Gov. Greg Abbott Names New Secretary Of State Months After Botched Voter Roll Review
After losing his last chief election officer over a botched review of the state’s voter rolls, Gov. Greg Abbott on Monday appointed a new secretary of state: Ruth Ruggero Hughs.
Ruggero Hughs is moving from the Texas Workforce Commission, which she has chaired since August 2018. She joins the secretary of state’s office nearly three months after Democratic senators blocked the confirmation of her predecessor, David Whitley, who questioned the voter registration of thousands of naturalized citizens.
Whitley resigned on May 27, lacking enough votes in the Texas Senate to keep the job after he oversaw an effort to scour the voter rolls for supposed noncitizens. The review instead threatened the voting rights of tens of thousands of voters of color, landed the state in federal court and prompted a congressional inquiry into voting rights violations.
The review, through which counties were advised to verify the citizenship status of supposed noncitizens, was eventually scrapped to end the litigation. By then, it was discovered that naturalized citizens have been swept up in review because of faulty data the state used.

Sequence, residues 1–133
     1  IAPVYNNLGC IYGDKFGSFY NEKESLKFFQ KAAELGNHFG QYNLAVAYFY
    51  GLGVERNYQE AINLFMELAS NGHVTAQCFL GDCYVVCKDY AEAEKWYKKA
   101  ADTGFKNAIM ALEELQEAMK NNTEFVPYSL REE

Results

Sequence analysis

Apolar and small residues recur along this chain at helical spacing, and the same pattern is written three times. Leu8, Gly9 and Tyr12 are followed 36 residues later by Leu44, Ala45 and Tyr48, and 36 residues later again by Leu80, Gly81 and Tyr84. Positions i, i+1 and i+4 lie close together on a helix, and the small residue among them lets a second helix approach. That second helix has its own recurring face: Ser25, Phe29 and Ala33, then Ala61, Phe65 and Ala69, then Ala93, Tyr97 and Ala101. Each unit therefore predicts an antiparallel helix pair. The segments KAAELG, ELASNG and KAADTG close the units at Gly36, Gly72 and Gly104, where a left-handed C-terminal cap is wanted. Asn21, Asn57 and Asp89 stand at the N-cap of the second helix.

By waiting to retire until the last day of the legislative session, Whitley allowed Abbott to pick his replacement without needing a confirmation vote from the Texas Senate, which will be unable to vet his new pick until lawmakers return to the Capitol in January 2021.
The Texas Constitution states that the governor shall “without delay” make another appointment to fill a vacancy in the secretary of state’s office. Abbott’s office did not previously respond to questions about why the post remained vacant much longer than when he replaced previous secretaries of state.
“I am proud to appoint Ruth as Secretary of State and I am confident that her experience at the Texas Workforce Commission will translate into success in this new role,” Abbott said in a statement on Monday. “Under Ruth’s leadership, we will continue to build the Texas brand on the international stage and uphold the integrity of our elections.”
Ruggero Hughs is likely to face a challenge in repairing the secretary of state’s relationship with the hundreds of local officials it depends on to run elections. Some county officials have said they’re still waiting for an explanation from the secretary of state’s office on how they got the review so wrong.
Several county election officials were sued amid the voter rolls debacle for following the directions the secretary of state’s office sent them to review the rolls. Those instructions included the option to send letters demanding that voters prove their citizenship within 30 days to avoid being kicked off the voter rolls, which several counties immediately sent out and several naturalized citizens received. State lawyers placed much of the blame for any errors in the review on local officials, arguing they had behaved “contrary to state law” when they acted on the state’s advisory.
Whitley, meanwhile, was almost immediately rehired by the governor’s office on a six-figure salary.